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Winter dangers for indoor cats

Posted on: January 4th, 2011 by

A cat with pet insurance licks her dry winter coat.
Posted by: H.R.
For Pets Best Insurance

Winter is a time for curling up by the fire with your cat in your lap. While you are enjoying relaxing with your cat, make sure you keep up with your cat’s health care needs, as the winter months can cause added stress for your cat.

There are several inside dangers for your cat during the winter months. Be careful when using space heaters or fireplaces, as cats are curious and can easily get burned if they get too close or rub up against them.

In addition to cats being injured by space heaters, there is an increase in the chance of a cat accidentally knocking them over. A house fire can easily be started if a heater is not equipped with an automatic shutoff when knocked over.

The winter can also bring on extremely dry skin for cats. You can brush your cat daily to help stimulate the natural oils of their skin, which will help reduce the severity of the dryness.

The winter also poses an increased risk for cats getting lost. Cats can lose their sense of direction when the ground becomes covered in snow.

Make sure your cat is happy and healthy this winter by making sure they are covered by pet health insurance. Give Pets Best a call at 866-440-2020 or visit them at to get more information on the best pet insurance for your cat or dog.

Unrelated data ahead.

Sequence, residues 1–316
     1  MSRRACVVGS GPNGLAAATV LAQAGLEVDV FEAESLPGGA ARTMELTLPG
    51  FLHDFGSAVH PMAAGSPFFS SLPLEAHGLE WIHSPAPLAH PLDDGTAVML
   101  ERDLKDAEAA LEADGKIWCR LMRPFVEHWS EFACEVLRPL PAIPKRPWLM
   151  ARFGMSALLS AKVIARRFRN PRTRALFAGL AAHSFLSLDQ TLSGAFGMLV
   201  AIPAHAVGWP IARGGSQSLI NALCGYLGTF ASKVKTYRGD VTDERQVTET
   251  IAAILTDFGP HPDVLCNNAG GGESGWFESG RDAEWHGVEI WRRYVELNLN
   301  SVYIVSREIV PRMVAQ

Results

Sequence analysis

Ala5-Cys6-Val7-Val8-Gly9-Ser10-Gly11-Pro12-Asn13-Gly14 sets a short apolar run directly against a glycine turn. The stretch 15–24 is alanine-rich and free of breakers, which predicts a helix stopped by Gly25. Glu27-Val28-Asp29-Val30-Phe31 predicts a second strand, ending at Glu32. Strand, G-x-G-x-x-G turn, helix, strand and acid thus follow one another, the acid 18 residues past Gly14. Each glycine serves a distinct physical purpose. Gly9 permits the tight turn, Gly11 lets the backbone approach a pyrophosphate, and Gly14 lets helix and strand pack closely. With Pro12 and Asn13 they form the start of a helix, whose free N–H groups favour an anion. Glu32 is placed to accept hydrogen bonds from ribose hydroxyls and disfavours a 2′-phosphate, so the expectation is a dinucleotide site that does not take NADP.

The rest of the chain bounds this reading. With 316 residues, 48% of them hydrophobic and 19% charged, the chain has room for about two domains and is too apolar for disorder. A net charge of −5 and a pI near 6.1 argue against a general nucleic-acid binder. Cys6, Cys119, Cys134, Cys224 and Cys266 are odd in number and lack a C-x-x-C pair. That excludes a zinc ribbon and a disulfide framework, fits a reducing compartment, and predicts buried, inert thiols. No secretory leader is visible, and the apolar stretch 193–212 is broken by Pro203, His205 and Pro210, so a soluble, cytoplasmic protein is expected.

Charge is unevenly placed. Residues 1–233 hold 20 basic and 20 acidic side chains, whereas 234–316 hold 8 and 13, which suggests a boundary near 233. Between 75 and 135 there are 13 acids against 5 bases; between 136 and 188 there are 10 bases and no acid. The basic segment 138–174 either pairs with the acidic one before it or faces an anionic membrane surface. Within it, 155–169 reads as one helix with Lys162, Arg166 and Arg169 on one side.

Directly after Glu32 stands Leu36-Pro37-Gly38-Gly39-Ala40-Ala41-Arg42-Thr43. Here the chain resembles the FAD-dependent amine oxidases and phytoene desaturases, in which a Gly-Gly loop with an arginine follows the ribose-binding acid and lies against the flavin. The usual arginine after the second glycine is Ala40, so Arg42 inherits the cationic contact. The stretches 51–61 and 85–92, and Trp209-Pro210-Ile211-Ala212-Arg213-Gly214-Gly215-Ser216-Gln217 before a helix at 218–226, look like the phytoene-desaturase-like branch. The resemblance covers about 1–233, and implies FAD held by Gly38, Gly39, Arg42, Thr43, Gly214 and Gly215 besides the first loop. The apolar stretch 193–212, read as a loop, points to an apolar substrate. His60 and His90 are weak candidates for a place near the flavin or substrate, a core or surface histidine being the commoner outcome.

Pet health dangers of antifreeze

Posted on: January 4th, 2011 by

A dog that ingested antifreeze is cared for by a vet.

Antifreeze is a sweet smelling chemical that is used to keep a car’s engine from becoming overheated in the summer and freezing in the winter.

The sweet smell attracts dogs and cats and causes them to ingest it.

According to Dr. Justine Lee, associate director of Pet Poison Helpline, “The most important thing to know about antifreeze is you have a really narrow window for treatment.” Dogs must get the antidote within 8 hours of ingestion, while cats must get the antidote within 3 hours.

If the pet receives treatment in time, the recovery prognosis is excellent. The treatment consists of a hospital stay of several days. For a medium sized dog, treatment can easily cost a few thousand dollars. This is one of the many reasons pet owners should have their pets covered by pet health insurance. Not only do companies like Pets Best Insurance offer affordable premiums, but having pet insurance provides owners peace of mind.

Antifreeze poisonings have two stages of symptoms: